The Philippine government on Monday will present the country's human rights record before the United Nations Human Rights Council (HRC) Universal Periodic Review (UPR) in Geneva, seeking to clarify issues surrounding President Duterte's controversial war on drugs and anti-crime campaign.
In a statement, Sen. Alan Peter Cayetano, who co-leads the 16-member delegation, said the UPR would be the "perfect opportunity" to ease the international community's concerns over alleged human rights violations in the Philippines.
“There are a lot of facts that need to be clarified and put in proper context so our friends in the United Nations and the international community will understand the extent of problems of corruption, illegal drugs, and criminality in the Philippines," said Cayetano, chair of the Senate Committee on Foreign Relations.
The delegation left for Geneva early Thursday.
The human rights review comes amid growing international concern over President Duterte's war on drugs, where thousands have died, including those slain in vigilante-style killings.
The administration has maintained than less than half of the reported 7,000 death toll were slain in legitimate police operations.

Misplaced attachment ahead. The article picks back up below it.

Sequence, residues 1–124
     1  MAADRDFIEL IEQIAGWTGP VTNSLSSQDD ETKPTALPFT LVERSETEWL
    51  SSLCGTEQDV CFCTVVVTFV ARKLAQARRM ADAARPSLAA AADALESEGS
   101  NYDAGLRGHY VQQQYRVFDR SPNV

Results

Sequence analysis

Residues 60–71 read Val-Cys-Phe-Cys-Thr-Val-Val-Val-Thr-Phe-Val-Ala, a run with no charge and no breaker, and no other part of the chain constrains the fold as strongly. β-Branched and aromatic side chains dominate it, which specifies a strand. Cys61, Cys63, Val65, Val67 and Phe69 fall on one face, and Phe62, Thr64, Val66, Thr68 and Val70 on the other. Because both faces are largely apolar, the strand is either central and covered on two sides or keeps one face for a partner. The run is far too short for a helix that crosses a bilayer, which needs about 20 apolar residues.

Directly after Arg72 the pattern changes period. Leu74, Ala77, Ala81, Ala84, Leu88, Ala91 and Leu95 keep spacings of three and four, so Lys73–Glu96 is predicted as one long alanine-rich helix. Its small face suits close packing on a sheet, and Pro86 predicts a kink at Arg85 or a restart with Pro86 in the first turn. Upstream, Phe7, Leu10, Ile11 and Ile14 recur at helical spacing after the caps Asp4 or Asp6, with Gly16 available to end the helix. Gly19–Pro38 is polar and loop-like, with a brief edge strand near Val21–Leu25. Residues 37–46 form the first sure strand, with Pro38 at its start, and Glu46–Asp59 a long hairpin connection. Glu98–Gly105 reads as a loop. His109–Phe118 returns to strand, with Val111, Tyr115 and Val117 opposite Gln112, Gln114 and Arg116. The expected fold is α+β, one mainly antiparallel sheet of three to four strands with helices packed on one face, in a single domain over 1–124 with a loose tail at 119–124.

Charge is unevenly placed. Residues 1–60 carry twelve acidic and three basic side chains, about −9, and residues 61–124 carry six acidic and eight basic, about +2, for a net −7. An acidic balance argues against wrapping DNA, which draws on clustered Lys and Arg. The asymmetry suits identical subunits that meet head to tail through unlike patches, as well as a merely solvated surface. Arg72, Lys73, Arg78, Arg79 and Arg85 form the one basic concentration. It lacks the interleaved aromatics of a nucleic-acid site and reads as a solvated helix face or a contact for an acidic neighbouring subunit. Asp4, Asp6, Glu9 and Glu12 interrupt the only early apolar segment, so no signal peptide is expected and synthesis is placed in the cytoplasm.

The Philippines, along with 13 other countries, will present its report on the actions it took from 2012 onwards to improve the human rights situations in the country and overcome challenges to the enjoyment of human rights, the Department of Foreign Affairs (DFA) said in a statement.
The country also presented during the first and second cycles of the UPR in 2008 and 2012.
Cayetano said this year's UPR would cover five years of the Aquino administration and 10 months of the Duterte administration.
"We want to share the overall picture of our human-rights based development programs, especially our gains, priorities in the coming years, as well as the major challenges at hand," he added.
The UPR is a mechanism where the human rights situation of all 193 UN Member States is reviewed every five years.
The Philippines was one of the first 47 members of the HRC and is currently serving its fourth term.
In June 2016, Duterte's first month in power, then United Nations Secretary-General Ban Ki-moon criticized Duterte for allowing the execution of drug suspects, saying the killings were “illegal and a breach of fundamental rights and freedoms.”
Incensed at the criticism, the President then threatened to quit the UN. Ban later requested bilateral talks with Duterte, but the Philippine leader turned him down.
UN human rights experts have also called on Duterte to stop the killings.
During a visit to Manila on Friday, UN Special Rapporteur on extrajudicial, summary or arbitrary executions Agnes Callamard called out Duterte's approach to the drug menace, saying it might further complicate the problem.